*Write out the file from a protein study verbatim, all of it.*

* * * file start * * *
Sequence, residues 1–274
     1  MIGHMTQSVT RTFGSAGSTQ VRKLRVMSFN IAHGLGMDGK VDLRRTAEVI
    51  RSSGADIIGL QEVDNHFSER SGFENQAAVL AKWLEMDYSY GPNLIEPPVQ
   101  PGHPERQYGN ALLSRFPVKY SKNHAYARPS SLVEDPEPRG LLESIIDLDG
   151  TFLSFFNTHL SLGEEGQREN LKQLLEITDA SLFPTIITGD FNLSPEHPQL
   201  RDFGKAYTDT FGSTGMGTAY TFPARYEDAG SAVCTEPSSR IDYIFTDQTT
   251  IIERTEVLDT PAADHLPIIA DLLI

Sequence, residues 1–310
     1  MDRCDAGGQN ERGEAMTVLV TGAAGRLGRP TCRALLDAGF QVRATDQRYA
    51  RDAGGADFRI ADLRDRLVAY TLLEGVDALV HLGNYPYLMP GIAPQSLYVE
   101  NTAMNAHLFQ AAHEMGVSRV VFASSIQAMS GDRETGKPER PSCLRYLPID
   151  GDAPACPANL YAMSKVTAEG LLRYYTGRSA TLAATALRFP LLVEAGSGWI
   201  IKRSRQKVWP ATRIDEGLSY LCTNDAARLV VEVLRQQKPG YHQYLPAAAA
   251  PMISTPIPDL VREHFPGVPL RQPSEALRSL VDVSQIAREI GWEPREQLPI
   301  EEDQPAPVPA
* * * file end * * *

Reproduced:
Sequence, residues 1–274
     1  MIGHMTQSVT RTFGSAGSTQ VRKLRVMSFN IAHGLGMDGK VDLRRTAEVI
    51  RSSGADIIGL QEVDNHFSER SGFENQAAVL AKWLEMDYSY GPNLIEPPVQ
   101  PGHPERQYGN ALLSRFPVKY SKNHAYARPS SLVEDPEPRG LLESIIDLDG
   151  TFLSFFNTHL SLGEEGQREN LKQLLEITDA SLFPTIITGD FNLSPEHPQL
   201  RDFGKAYTDT FGSTGMGTAY TFPARYEDAG SAVCTEPSSR IDYIFTDQTT
   251  IIERTEVLDT PAADHLPIIA DLLI

Sequence, residues 1–310
     1  MDRCDAGGQN ERGEAMTVLV TGAAGRLGRP TCRALLDAGF QVRATDQRYA
    51  RDAGGADFRI ADLRDRLVAY TLLEGVDALV HLGNYPYLMP GIAPQSLYVE
   101  NTAMNAHLFQ AAHEMGVSRV VFASSIQAMS GDRETGKPER PSCLRYLPID
   151  GDAPACPANL YAMSKVTAEG LLRYYTGRSA TLAATALRFP LLVEAGSGWI
   201  IKRSRQKVWP ATRIDEGLSY LCTNDAARLV VEVLRQQKPG YHQYLPAAAA
   251  PMISTPIPDL VREHFPGVPL RQPSEALRSL VDVSQIAREI GWEPREQLPI
   301  EEDQPAPVPA